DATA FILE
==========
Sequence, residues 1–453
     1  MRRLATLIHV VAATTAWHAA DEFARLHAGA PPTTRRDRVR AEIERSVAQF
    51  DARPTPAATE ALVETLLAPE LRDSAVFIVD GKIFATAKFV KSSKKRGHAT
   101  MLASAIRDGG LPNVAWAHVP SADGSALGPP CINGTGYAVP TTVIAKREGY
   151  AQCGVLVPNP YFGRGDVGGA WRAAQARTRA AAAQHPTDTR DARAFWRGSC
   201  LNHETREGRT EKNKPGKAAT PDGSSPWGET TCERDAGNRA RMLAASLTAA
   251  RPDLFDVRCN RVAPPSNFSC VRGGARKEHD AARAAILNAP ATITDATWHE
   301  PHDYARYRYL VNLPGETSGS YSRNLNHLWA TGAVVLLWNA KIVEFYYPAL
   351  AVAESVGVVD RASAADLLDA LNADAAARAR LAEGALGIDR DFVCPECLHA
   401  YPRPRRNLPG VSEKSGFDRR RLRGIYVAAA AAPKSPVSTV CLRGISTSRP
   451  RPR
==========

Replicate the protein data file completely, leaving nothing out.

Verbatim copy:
Sequence, residues 1–453
     1  MRRLATLIHV VAATTAWHAA DEFARLHAGA PPTTRRDRVR AEIERSVAQF
    51  DARPTPAATE ALVETLLAPE LRDSAVFIVD GKIFATAKFV KSSKKRGHAT
   101  MLASAIRDGG LPNVAWAHVP SADGSALGPP CINGTGYAVP TTVIAKREGY
   151  AQCGVLVPNP YFGRGDVGGA WRAAQARTRA AAAQHPTDTR DARAFWRGSC
   201  LNHETREGRT EKNKPGKAAT PDGSSPWGET TCERDAGNRA RMLAASLTAA
   251  RPDLFDVRCN RVAPPSNFSC VRGGARKEHD AARAAILNAP ATITDATWHE
   301  PHDYARYRYL VNLPGETSGS YSRNLNHLWA TGAVVLLWNA KIVEFYYPAL
   351  AVAESVGVVD RASAADLLDA LNADAAARAR LAEGALGIDR DFVCPECLHA
   401  YPRPRRNLPG VSEKSGFDRR RLRGIYVAAA AAPKSPVSTV CLRGISTSRP
   451  RPR